The most recent proposal likely to be shelved, a 1.3GW coal-fired power station in Akita, in Japan’s north-west coastal region, follows the cancellation of two others earlier this year. Sojitz Corporation this week announced further divestment from thermal coal, following Itochu announcing a coal exit last month, and Mitsui in November.

The RBA has sounded the climate change alarm. Time to sit up and take notice

Sources in the Asian renewable and energy finance sectors say Japanese banks, trading houses and two prominent state-backed enterprises – the Japan Bank for International Cooperation and Japan International Cooperation Agency – have in recent months expressed their intention to invest more heavily in the renewables sector.

The increased interest in renewables comes, notably, from investors and companies with existing exposure to coal. Demand for electricity in Japan is declining, as the population declines. In that market, coal appears to be crowded out by additional capacity provided by nuclear restarts, solar and other renewables.

Other developers have their eyes on Akita, which is next to the Sea of Japan, as a site for offshore wind developments.

Across Japan, 13 offshore wind projects are undergoing environmental impact assessments, with the total investment opportunities worth up to 2 trillion yen (A$25bn), according to Mizuho Bank estimates published this week.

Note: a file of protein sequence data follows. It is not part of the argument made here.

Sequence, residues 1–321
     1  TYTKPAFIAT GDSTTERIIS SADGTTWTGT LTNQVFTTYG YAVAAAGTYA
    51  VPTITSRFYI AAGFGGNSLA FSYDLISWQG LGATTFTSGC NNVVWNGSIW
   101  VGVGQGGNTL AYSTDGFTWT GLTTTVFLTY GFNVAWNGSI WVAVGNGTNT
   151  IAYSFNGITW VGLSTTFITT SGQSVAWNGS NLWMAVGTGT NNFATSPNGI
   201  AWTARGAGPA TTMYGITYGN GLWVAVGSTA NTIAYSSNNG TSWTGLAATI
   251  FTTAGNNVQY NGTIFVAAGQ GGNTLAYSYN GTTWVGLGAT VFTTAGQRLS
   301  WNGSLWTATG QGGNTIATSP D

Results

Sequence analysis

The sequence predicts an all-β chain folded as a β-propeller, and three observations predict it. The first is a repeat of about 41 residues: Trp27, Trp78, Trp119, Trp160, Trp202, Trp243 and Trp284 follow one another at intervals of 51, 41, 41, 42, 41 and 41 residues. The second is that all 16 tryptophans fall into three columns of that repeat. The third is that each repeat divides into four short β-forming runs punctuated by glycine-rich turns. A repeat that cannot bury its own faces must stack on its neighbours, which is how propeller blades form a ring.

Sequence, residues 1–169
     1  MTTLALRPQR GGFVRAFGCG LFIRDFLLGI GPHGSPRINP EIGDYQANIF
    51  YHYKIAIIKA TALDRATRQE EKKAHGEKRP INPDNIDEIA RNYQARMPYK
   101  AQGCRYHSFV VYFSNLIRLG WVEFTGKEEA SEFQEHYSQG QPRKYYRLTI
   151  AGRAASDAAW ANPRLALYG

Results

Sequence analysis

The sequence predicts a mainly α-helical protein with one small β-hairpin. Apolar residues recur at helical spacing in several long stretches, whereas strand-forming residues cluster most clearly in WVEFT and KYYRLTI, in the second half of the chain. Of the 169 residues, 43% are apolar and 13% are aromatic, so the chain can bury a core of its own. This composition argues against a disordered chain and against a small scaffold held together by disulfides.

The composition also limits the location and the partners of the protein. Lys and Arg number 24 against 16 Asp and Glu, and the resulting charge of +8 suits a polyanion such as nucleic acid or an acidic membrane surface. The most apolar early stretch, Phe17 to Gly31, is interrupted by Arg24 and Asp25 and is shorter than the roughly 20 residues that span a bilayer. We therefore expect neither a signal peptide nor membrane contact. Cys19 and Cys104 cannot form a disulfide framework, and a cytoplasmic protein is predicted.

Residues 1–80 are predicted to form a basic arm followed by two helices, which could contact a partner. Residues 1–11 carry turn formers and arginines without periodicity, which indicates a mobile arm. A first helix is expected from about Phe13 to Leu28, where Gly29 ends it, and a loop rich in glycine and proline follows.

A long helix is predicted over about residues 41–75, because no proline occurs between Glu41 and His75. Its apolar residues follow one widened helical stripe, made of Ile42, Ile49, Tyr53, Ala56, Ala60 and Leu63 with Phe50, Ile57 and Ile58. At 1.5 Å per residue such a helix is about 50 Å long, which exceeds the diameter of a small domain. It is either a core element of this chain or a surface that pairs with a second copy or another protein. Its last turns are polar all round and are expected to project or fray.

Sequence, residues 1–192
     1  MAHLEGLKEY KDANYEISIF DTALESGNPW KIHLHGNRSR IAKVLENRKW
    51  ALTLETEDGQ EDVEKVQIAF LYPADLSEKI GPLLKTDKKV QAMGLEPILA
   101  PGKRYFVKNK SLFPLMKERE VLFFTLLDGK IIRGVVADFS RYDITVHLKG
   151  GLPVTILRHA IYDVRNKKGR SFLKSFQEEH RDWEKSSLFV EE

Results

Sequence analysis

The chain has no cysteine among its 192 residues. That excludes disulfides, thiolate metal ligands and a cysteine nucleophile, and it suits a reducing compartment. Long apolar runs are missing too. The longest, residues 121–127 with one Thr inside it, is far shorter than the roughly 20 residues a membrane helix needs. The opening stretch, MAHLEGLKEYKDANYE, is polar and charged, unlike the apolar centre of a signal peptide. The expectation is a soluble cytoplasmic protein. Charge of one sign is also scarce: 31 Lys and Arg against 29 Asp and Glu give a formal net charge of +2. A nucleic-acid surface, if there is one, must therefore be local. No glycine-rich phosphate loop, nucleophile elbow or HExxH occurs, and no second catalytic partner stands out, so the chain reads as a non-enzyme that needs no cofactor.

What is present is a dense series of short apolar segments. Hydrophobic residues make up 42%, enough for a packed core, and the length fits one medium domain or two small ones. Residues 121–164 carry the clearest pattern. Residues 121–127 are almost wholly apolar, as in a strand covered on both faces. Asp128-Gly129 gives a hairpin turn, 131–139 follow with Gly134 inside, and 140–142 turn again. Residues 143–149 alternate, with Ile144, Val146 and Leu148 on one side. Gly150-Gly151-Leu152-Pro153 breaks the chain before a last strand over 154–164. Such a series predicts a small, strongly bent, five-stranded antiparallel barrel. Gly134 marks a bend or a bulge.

Kimiko Hirata, the international director of Japan’s Kiko Network, a climate action campaign group, said she had noticed a shift in sentiment among several big players in the Japanese business world.

“From last year we’ve seen some changes from the major banks and megabanks and also insurance companies as well as trading companies, their positions have changed on coal power policy,” she said.

“So we are clearly seeing that they’re thinking that continued support for coal power, both domestic and international, is no longer acceptable by the international community and also in Japan. We very much welcome the big change happening.”

Hirata cautioned, however, that many of these financiers’ policy changes related to entirely new coal projects, not ones already in the pipeline. Kiko’s own figures show plans for a total of 15GW of coal-fired power remained active, with some plants under construction and due to start operating next year.

Campaigners are awaiting the release of a long-term strategy to guide Japan’s approach to tackling climate change up to 2050, believing it will be a key test of the government’s seriousness.

The government is tipped to release it in the lead-up to June’s G20 summit in Osaka, where prime minister Shinzo Abe has signalled he wants to show leadership on climate change.

Some members of Abe’s cabinet have been pushing for stronger climate action.

Kono has argued this is too low, considering the sector already provides 24% of the global energy mix. “As Japanese foreign minister, I consider these circumstances lamentable,” he said last year.